NFL Locks Out Fantasy Football, Too
When football team owners locked out their players in March and shut down the NFL, they may have shut down thousands of fantasy football leagues with them. So what happens to fantasy football this fall if the NFL and its players can't come to a new labor agreement?
Jeff Ohlmann, a University of Iowa business professor, thinks many fans will return quickly, if they ever leave.
"For many people, fantasy football has become a means to stay in touch with friends and family," said Ohlmann, who uses fantasy football and other fantasy sports as a research and teaching tool, and also manages a team of his own. "Even if the lockout extends into the fall, I think that there will be many fantasy leagues conducting their drafts in late August and September."
Fantasy sports has become big business in recent years and rakes in billions of dollars, and fantasy football is far and away the biggest of them. An estimated 20 million participants owned teams last season, and selling and marketing things to those owners has become lucrative. Time magazine reported that the average fantasy team owner paid $73 to join a league in 2009, and while companies like Yahoo! And ESPN.com offer membership in basic leagues for free, they add fees for premium services.
Magazines and pay-walled web sites offer statistics and expert commentary to help owners plan their draft and management strategy, and other businesses provide weekly player updates and advice for a fee. Other companies sell insurance or online trophies. Advertisers are also willing to pay to get their businesses in front of fantasy players' eyeballs.
But next season is in limbo since NFL team owners locked out their players in a dispute over how to divide the tens of billions of dollars the league earns every season. While the sides are talking, the next NFL season is a question mark, and all those fantasy leagues are in limbo, too.
Ohlmann, an assistant professor of management sciences, has studied fantasy football from an analytical perspective for years. One of his research themes is using quantitative analysis to develop draft models for fantasy sports leagues. He's also developing an iPhone app with his own algorithm to help fantasy football owners decide which players to draft for the upcoming season.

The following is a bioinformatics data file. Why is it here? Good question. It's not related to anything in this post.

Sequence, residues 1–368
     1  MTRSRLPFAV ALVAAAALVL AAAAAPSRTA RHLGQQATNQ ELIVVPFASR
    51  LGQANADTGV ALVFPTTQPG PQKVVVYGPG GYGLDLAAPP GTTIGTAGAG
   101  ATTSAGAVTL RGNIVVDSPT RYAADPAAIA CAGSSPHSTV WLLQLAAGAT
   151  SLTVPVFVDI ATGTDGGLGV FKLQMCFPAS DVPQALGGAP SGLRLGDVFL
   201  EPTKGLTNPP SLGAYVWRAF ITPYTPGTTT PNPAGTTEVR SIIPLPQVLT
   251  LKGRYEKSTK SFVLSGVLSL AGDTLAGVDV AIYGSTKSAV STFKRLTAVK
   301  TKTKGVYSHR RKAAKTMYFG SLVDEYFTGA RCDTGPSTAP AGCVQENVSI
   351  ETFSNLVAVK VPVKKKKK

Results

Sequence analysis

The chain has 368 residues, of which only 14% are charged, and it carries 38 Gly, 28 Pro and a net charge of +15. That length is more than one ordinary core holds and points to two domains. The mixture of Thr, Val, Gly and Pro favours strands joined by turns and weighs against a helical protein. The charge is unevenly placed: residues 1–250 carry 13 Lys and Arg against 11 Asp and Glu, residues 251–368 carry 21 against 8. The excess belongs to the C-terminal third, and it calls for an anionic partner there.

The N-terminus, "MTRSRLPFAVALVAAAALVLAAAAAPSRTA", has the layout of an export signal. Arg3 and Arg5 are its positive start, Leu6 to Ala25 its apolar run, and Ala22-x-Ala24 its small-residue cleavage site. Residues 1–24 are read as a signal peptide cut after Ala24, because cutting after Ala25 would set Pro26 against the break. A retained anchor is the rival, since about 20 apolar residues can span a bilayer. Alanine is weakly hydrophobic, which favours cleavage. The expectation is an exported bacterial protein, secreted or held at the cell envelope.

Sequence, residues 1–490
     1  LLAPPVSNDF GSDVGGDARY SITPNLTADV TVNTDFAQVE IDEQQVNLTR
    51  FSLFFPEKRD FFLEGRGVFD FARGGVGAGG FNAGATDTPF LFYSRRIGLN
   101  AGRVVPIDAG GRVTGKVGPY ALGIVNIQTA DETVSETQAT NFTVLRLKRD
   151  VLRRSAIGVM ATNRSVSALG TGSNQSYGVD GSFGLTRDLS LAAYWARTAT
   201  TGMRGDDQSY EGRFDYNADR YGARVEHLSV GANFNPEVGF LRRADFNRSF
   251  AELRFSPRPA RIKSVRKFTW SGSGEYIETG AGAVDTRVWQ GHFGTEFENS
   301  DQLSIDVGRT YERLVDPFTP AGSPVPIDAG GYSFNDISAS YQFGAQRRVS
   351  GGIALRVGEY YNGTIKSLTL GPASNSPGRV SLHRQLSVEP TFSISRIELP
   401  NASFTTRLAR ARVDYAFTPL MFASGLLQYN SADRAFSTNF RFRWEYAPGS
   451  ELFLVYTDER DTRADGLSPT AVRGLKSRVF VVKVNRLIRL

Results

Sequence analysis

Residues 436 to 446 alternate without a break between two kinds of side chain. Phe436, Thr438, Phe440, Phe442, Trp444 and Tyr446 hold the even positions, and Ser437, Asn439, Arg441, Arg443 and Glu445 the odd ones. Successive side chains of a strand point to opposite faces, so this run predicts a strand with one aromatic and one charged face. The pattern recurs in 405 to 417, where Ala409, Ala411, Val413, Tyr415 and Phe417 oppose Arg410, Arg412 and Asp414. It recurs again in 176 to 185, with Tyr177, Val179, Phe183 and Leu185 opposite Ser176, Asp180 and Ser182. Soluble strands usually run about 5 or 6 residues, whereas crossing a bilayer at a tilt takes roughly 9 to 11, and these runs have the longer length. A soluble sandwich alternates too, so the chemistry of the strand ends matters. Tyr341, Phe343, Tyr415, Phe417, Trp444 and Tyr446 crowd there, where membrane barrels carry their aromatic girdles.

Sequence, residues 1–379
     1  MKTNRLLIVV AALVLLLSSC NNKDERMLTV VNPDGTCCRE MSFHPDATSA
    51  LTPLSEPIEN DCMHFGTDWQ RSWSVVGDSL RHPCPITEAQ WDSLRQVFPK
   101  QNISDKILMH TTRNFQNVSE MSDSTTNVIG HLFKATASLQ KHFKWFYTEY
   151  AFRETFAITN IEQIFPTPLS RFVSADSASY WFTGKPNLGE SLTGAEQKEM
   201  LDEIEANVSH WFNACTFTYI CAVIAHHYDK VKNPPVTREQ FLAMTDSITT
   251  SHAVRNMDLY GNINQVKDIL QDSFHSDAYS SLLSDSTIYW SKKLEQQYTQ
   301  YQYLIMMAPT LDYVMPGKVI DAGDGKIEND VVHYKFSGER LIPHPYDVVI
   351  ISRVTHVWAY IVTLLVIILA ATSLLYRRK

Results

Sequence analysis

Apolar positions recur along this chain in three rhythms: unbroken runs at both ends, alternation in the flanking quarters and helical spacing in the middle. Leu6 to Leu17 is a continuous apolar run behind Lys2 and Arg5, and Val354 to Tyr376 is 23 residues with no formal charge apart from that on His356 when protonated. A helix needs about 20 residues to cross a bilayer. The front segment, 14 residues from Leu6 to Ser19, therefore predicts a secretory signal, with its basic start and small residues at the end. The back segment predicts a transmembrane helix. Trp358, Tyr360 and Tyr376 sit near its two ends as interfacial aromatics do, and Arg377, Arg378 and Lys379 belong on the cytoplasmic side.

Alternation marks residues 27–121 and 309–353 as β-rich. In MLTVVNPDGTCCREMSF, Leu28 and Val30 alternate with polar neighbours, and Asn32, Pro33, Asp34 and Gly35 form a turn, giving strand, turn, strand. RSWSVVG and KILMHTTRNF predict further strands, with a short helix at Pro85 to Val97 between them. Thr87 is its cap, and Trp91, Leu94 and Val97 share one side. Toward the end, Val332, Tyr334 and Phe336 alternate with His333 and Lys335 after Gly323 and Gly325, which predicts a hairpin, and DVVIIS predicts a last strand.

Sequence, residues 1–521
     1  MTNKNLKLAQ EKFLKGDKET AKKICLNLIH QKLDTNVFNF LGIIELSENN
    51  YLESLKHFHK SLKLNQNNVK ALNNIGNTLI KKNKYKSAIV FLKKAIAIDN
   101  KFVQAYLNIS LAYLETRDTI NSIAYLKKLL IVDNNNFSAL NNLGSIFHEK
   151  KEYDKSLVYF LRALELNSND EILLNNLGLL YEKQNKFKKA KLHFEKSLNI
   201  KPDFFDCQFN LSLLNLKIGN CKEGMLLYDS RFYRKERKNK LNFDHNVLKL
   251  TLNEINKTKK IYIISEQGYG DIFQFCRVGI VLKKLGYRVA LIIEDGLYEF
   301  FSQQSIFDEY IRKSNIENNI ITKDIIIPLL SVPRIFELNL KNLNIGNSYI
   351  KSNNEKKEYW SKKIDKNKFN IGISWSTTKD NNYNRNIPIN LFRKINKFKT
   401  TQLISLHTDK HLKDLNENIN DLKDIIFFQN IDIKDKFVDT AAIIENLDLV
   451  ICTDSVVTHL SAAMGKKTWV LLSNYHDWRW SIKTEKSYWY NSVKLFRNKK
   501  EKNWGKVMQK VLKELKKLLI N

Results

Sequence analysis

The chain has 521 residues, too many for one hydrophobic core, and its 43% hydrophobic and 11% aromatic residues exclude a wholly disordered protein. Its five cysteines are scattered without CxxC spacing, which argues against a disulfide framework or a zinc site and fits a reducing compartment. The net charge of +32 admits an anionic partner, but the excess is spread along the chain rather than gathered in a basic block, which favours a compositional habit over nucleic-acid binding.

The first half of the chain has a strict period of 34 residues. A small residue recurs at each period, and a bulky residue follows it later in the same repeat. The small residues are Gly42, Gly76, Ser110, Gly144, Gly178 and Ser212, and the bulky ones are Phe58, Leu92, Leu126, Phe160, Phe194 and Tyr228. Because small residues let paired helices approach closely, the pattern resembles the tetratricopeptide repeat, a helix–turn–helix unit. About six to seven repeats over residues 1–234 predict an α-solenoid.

If there is a season, of course. Ohlmann said he expects there will still be a market of some kind for his app because he thinks hardcore football fans will not lose interest in fantasy football despite the lockout.
"I anticipate there will still be a lot of attention on fantasy football," he said. "People will conduct mock drafts late this summer and perhaps even be conducting their league drafts so their teams are ready whenever the season starts.
"It's the casual fan who might lose interest and not participate in fantasy football this summer, or even after a new labor agreement is signed and the teams start playing again," he said.
That could mean trouble for some businesses that bank on revenue from fantasy leagues.
"The businesses that are sweating are the ones that offer weekly advice or updates for a fee because every week without football is a week without revenue," he said. "I think people are just going to keep their fingers crossed and hope people stay interested."
Ohlmann said he's definitely staying interested.
"My league has its draft scheduled for Aug. 26 whether the labor dispute has been settled or not," he said.
Contact: Tom Snee,Jeff Ohlmann, Management Sciences, 319-335-0837